Paralichthys dentatus 

Scope: Global
Language: English

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Taxonomy [top]

Kingdom Phylum Class Order Family
Animalia Chordata Actinopterygii Pleuronectiformes Paralichthyidae

Scientific Name: Paralichthys dentatus (Linnaeus, 1766)
Common Name(s):
English Summer Flounder, Flounder, Fluke, Gulf Flounder
French Cardeau d'été
Spanish Falso Halibut del Canadá
Pleuronectes dentatus Linnaeus, 1766

Assessment Information [top]

Red List Category & Criteria: Least Concern ver 3.1
Year Published: 2010
Date Assessed: 2009-02-04
Assessor(s): Munroe, T.A.
Reviewer(s): Collen, B., Richman, N., Beresford, A., Chenery, A. & Ram, M.
Contributor(s): De Silva, R., Milligan, H., Lutz, M., Batchelor, A., Jopling, B., Kemp, K., Lewis, S., Lintott, P., Sears, J., Wilson, P. & Smith, J. and Livingston, F.
Paralichthys dentatus has been assessed as Least Concern. While this species is commerically exploited, it is still known to be abundant in areas of its range, and biomass indices indicate that population numbers are not in decline.

Geographic Range [top]

Range Description:Paralichthys dentatus is found from the southern Gulf of Maine to South Carolina and occasionally around Florida (Bigelow and Schroeder 2002).
Countries occurrence:
Canada; United States (Connecticut, Delaware, Florida, Georgia, Maine, Massachusetts, New Hampshire, New Jersey, North Carolina, Rhode Island, South Carolina, Virginia)
FAO Marine Fishing Areas:
Atlantic – northwest; Atlantic – western central
Additional data:
Lower depth limit (metres):160
Upper depth limit (metres):10
Range Map:Click here to open the map viewer and explore range.

Population [top]

Population:Paralichthys dentatus is common in the southern Gulf of Maine, east to Nantucket Shoals, and to the western part of the South Channels (Bigelow and Schroeder 2002). This species is rare north of Cape Cod, but is occasionally found as far north as Brown's Bank (Bigelow and Schroeder 2002).  It is abundant from Massachusetts to North Carolina.
Current Population Trend:Decreasing
Additional data:
Population severely fragmented:No

Habitat and Ecology [top]

Habitat and Ecology:The flounder, Paralichthys dentatus, is a bottom dwelling species and generally prefers muddy or sandy substrates. This species is concentrated in bays and estuaries from late spring to the early autumn, however the larger specimens remain further offshore at depths of 70-155 m or deeper. This species has also been found in salt marshes and seagrass beds with muddy or silty substrates. This species is also occasionally found in freshwater rivers (Bigelow and Schroeder 2002).
Generation Length (years):7
Movement patterns:Full Migrant

Use and Trade [top]

Use and Trade: Paralichthys dentatus is fished commercially and recreationally. Since 1996, it has also been used in the aquaculture industry.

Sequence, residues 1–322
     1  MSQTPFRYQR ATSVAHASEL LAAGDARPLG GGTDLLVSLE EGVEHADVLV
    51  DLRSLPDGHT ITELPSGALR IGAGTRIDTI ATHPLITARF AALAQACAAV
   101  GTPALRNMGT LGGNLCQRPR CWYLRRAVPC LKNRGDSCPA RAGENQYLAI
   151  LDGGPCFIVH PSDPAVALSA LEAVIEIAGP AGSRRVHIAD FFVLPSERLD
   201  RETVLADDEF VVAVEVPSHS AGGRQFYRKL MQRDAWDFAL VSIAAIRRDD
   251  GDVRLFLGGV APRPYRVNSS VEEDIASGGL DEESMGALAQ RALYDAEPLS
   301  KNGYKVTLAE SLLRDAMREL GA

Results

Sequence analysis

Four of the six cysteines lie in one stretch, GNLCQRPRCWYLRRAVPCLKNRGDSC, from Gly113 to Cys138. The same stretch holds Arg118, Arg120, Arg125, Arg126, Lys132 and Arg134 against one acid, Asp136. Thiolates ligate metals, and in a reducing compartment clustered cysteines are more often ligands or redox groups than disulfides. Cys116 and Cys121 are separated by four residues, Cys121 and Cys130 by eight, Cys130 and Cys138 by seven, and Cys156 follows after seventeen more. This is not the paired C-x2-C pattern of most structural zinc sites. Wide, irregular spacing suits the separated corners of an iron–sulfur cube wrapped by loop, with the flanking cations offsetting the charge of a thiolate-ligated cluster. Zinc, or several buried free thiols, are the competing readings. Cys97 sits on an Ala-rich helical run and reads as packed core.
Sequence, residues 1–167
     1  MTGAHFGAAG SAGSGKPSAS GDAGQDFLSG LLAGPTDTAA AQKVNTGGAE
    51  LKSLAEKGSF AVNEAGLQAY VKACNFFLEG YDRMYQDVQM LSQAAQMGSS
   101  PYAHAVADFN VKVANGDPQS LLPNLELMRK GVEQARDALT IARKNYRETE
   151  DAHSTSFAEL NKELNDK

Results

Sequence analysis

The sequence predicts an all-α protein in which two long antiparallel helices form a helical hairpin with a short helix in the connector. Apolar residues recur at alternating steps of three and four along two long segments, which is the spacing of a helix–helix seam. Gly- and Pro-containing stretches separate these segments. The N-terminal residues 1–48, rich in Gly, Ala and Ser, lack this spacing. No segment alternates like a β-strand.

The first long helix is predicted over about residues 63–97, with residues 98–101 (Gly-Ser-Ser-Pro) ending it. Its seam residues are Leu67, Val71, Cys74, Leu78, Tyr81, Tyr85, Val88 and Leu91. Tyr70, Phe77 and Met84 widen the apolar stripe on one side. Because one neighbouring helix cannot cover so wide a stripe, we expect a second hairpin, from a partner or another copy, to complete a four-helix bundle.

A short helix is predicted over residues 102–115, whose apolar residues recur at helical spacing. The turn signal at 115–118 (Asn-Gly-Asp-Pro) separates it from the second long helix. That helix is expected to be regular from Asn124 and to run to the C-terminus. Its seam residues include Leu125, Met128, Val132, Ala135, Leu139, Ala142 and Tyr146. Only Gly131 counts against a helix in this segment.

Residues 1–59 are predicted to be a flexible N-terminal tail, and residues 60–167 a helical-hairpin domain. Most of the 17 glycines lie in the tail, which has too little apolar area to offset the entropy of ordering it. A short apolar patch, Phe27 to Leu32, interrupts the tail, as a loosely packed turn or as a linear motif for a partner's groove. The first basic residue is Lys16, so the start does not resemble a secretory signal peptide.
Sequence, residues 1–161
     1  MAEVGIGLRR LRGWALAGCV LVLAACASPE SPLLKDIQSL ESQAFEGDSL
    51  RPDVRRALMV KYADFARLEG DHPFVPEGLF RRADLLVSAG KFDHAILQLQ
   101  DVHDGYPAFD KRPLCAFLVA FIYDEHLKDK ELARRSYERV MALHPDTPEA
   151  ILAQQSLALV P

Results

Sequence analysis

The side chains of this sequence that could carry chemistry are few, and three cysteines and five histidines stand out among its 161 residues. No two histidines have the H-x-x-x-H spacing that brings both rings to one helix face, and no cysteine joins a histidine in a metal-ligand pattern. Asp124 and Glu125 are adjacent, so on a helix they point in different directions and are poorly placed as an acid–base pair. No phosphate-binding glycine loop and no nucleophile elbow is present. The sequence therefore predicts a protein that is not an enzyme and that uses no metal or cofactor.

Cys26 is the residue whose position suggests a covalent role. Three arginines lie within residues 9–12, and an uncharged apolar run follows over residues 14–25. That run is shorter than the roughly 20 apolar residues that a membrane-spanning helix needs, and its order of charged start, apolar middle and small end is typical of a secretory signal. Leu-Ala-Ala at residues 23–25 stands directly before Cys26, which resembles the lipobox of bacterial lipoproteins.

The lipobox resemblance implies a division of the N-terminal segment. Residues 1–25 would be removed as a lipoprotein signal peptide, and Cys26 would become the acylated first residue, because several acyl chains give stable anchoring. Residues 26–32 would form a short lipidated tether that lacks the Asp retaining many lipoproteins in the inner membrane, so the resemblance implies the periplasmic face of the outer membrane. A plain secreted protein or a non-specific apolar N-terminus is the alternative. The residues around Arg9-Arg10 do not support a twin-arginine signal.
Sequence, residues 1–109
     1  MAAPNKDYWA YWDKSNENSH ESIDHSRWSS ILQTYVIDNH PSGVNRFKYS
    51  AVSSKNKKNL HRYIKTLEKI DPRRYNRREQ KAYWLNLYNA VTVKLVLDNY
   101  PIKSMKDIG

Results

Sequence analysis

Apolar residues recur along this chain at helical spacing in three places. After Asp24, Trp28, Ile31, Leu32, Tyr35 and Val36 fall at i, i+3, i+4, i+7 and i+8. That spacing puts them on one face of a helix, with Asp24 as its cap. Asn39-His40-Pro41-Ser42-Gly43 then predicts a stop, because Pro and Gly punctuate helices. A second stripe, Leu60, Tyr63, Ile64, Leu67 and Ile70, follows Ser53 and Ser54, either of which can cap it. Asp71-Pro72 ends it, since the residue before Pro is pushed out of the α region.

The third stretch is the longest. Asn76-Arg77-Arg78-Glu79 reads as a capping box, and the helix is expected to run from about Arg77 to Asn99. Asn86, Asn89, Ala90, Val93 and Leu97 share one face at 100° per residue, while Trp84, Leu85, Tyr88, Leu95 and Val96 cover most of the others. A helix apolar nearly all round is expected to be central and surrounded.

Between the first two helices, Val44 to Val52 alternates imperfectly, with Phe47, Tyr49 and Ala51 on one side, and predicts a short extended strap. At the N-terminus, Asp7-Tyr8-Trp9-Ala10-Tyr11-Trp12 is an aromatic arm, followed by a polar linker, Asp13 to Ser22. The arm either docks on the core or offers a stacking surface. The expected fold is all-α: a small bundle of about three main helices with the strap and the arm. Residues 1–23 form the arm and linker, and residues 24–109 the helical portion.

Threats [top]

Major Threat(s): Paralichthys dentatus is both commercially and recreationally valuable. The combined landings from commercial and recreational fishing peaked in 1983 at 26,100 t but in 1999-2004, landings have ranged between 8,600 t and 12,500 t (Terceiro 2006). Biomass indices declined through the late 1970s and into the early 1990s, but since then have increased to the level they were during the mid 1970s (Terceiro 2006). It has been reported that although this species' population is not in an over-fished condition, intense exploitation continues to occur (Terceiro 2006). Paralichthys dentatus is also an important by-catch species in the small-mesh fishery for squid in Nantucket and Vineyard Sounds (Bigelow and Schroeder 2002). Commercial aquaculture of this species began in 1966.

Conservation Actions [top]

Conservation Actions: The Summer Flounder, Scup and Black Sea Bass Fishery Management Plan (FMP), administered by the Atlantic States Marine Fisheries Commission (ASMFC) and the Mid-Atlantic Fishery Management Council (MAFMC), manages the commerical and recreational fisheries of Paralichthys dentatus. Management of this species' stock is done by means of setting annual commercial quotas, recreational harvest limits, a commercial vessel permit moratorium, minimum fish size and gear restrictions, and a recreational fishery limit (Terceiro 2006). There are 91 marine protected area designations along the central Atlantic coast of the United States, in which this species may be found. Further research and monitoring of the harvest levels and population size of this species is needed.

Errata [top]

Errata reason: This errata assessment has been created because the map was accidentally left out of the version published previously.

Citation: Munroe, T.A. 2010. Paralichthys dentatus (errata version published in 2017). The IUCN Red List of Threatened Species 2010: e.T154983A115258186. . Downloaded on 20 June 2018.
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